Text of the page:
Supervisor Hilda Solis, U.S. Rep. Jimmy Gomez deliver remarks
By Jillian Beck | Cal State LA News Service
Cal State LA alumnus Lt. Col. Brian Peters returned to his alma mater on Thursday, two decades after walking the campus as a student. But this time his view was from 1,000 feet up.
Peters, a La Verne resident, piloted a massive U.S. Air Force C-17 Globemaster III over Cal State LA as part of the university’s 2018 Veterans Day Ceremony. The roar of the 174-foot aircraft broke the silence of the crisp fall afternoon air, as the crowd gathered in the University-Student Union Plaza stared up at the sky in awe.
“When I went to Cal State LA it was never something I dreamt of,” Peters said of the flyover. He graduated in 1997 with a bachelor’s degree in industrial technology from the College of Engineering, Computer Science, and Technology. “Now, how cool is this? My career is coming full circle.”
The flyover opened the Nov. 8 event, which honored the service and sacrifice of military veterans, including Cal State LA’s more than 360 student veterans.
Colors were presented by members of the U.S. Army Los Angeles Recruiting Battalion, L.A. Central Recruiting Center while music student Hollie Jones performed the national anthem. Cal State LA student and U.S. Army veteran Matthew R. Keels, who is the Associated Students, Inc. Veterans Affairs representative, served as the emcee for the event.
Dani Molina, a U.S. Army veteran and director of the Cal State LA Veterans Resource Center, delivered opening remarks acknowledging the sacrifices of those who have served in the military.
The university community was joined by U.S. Rep. Jimmy Gomez, whose 34th Congressional District includes Cal State LA, and Los Angeles County Supervisor Hilda L. Solis, whose First District includes the university.
“Veterans Day is a day to celebrate, but also to remember that we have to honor their service and their sacrifice every single day, not just on November 11,” Gomez said.
Gomez and Solis stressed the importance of providing benefits to veterans when they return home from serving in the military, of which more than 350,000 reside in Los Angeles County.
“I am pleased to be here to honor both our men and women who wear our uniform,” Solis said. “I think it is time for us to again reassure ourselves that there are people that make many, many sacrifices for our freedoms.”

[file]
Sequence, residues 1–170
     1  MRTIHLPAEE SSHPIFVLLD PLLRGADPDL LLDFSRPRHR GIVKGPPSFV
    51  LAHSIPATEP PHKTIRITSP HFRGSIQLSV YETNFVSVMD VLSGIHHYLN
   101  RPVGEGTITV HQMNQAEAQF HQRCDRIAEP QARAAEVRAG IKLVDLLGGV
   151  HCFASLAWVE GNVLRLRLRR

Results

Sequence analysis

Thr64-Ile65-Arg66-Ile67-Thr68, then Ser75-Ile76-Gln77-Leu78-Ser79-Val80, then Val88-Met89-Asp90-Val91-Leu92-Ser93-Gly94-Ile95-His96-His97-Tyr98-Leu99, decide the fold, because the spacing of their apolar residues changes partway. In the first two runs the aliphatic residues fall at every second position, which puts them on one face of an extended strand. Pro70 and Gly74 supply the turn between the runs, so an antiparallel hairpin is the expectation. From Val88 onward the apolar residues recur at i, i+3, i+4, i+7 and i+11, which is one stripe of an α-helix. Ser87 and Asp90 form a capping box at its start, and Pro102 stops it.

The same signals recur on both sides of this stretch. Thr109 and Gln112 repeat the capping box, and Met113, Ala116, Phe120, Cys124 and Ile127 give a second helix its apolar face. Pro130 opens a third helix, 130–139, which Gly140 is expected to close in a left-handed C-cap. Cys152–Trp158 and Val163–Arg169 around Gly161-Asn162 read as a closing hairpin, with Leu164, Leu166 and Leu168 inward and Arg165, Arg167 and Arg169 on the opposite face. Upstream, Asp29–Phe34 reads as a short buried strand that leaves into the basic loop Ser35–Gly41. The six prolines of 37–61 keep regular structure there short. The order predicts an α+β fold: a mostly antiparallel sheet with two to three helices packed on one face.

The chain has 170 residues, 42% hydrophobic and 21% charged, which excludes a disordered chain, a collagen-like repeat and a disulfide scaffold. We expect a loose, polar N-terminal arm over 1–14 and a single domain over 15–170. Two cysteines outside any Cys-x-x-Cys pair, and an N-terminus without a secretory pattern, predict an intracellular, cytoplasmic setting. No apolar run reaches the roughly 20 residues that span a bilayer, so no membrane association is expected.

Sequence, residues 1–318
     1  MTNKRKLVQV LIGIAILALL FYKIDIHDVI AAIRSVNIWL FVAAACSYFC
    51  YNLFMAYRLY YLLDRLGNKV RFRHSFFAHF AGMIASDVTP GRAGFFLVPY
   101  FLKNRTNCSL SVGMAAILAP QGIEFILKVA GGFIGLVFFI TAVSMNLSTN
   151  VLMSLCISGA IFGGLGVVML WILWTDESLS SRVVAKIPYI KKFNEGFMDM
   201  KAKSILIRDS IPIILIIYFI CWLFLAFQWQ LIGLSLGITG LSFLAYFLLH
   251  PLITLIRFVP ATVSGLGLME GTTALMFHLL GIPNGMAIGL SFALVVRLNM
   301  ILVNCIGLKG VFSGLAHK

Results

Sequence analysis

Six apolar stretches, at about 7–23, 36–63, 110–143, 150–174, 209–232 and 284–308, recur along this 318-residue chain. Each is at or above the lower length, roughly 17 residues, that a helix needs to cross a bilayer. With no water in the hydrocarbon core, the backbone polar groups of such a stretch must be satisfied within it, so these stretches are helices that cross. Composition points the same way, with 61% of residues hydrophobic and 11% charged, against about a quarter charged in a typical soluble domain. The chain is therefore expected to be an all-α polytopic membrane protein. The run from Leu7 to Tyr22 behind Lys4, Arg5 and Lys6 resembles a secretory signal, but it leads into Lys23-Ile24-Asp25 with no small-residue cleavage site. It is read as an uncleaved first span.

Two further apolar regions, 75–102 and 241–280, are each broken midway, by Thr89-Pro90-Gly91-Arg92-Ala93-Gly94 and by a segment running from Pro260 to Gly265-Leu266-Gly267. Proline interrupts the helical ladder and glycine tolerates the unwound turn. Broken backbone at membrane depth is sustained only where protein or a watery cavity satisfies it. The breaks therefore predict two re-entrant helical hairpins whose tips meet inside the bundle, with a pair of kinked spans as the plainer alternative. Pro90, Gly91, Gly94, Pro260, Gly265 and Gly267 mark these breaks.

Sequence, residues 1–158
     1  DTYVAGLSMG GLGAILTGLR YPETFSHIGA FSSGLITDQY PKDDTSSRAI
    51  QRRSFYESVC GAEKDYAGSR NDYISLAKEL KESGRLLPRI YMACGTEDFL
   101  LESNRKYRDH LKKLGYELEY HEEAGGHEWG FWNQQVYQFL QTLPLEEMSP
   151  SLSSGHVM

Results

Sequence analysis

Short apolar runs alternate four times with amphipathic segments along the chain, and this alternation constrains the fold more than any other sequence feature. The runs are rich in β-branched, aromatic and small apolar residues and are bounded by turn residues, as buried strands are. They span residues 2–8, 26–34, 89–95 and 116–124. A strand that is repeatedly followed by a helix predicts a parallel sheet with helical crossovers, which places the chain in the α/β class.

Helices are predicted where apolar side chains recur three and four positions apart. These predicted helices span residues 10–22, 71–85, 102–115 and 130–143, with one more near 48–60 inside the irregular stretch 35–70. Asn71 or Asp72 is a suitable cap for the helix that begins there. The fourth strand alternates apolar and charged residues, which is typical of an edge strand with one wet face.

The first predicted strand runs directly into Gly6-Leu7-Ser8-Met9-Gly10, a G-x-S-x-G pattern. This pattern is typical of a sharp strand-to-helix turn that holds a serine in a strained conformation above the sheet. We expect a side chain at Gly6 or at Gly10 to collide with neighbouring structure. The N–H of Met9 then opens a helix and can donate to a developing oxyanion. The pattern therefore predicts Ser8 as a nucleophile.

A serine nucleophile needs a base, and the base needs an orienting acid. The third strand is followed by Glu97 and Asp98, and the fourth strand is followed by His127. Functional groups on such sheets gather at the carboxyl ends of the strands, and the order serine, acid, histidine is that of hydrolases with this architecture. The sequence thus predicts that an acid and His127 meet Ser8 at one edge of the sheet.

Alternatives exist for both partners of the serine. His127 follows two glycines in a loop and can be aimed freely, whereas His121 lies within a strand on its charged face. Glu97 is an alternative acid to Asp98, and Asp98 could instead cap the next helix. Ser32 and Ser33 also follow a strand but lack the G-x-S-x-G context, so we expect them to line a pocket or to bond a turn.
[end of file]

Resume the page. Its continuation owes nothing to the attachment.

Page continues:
Solis applauded Cal State LA’s commitment to serving its student veterans and their families through the Veterans Resource Center and presented Cal State LA with a proclamation on behalf of Los Angeles County in recognition of the ceremony.
The keynote speaker was U.S. Marine Corps veteran Marshall W. Thomas, director of Active Duty and Veterans Affairs at the California State University Office of the Chancellor.
Thomas told guests the story of Cal State LA’s founding in 1947. The university was created by the state legislature in response to a rapid influx in veterans and others in Los Angeles seeking an education after World War II.
“The foundation of this institution is veterans,” Thomas said. “That generation of veterans that Cal State LA served in the ’40s and ’50s went on to do some amazing things.”
The ceremony was sponsored by the Division of Student Life, Veterans Resource Center and Associated Students, Inc.
The C-17 Globemaster III from the flyover has a wingspan of nearly 170 feet and is assigned to the 452nd Air Mobility Wing at March Air Reserve Base in Riverside County. The cargo compartment can fit helicopters and tanks or be converted into a mobile hospital.
In his 18-year Air Force Reserve career, Peters has often flown the same model of aircraft on trips to airlift patients out of combat zones or deliver equipment to military bases overseas.
Thursday’s flyover was Peters’ first in Los Angeles County and second ever. Earlier this year he flew over Angel Stadium in Anaheim for Major League Baseball’s opening day.
“There’s a different electricity in the air when the flyover happens,” said Peters, who is also a pilot for Alaska Airlines.
Military flyovers give the public a chance to see large military aircraft in action up close without being in danger, Peters said. But, he emphasizes, flyovers are more than a celebration of a particular aircraft.
“I am just the lucky one that gets to fly,” Peters said. “It’s in honor of those who served—it’s for them and their families—to remind them that they’re not forgotten.”
Photos: Above, A U.S. Air Force C-17 Globemaster III, piloted by alumnus Lt. Col. Brian Peters, flies over Cal State LA during the 2018 Veterans Day Ceremony. Middle, Supervisor Hilda L. Solis (left) with Cal State LA Vice President for Student Life Nancy Wada-Mckee and U.S. Rep. Jimmy Gomez. Bottom, Lt. Col. Brian Peters. (Credit: J. Emilio Flores/Cal State LA; Bottom photo courtesy of Lt. Col. Brian Peters)
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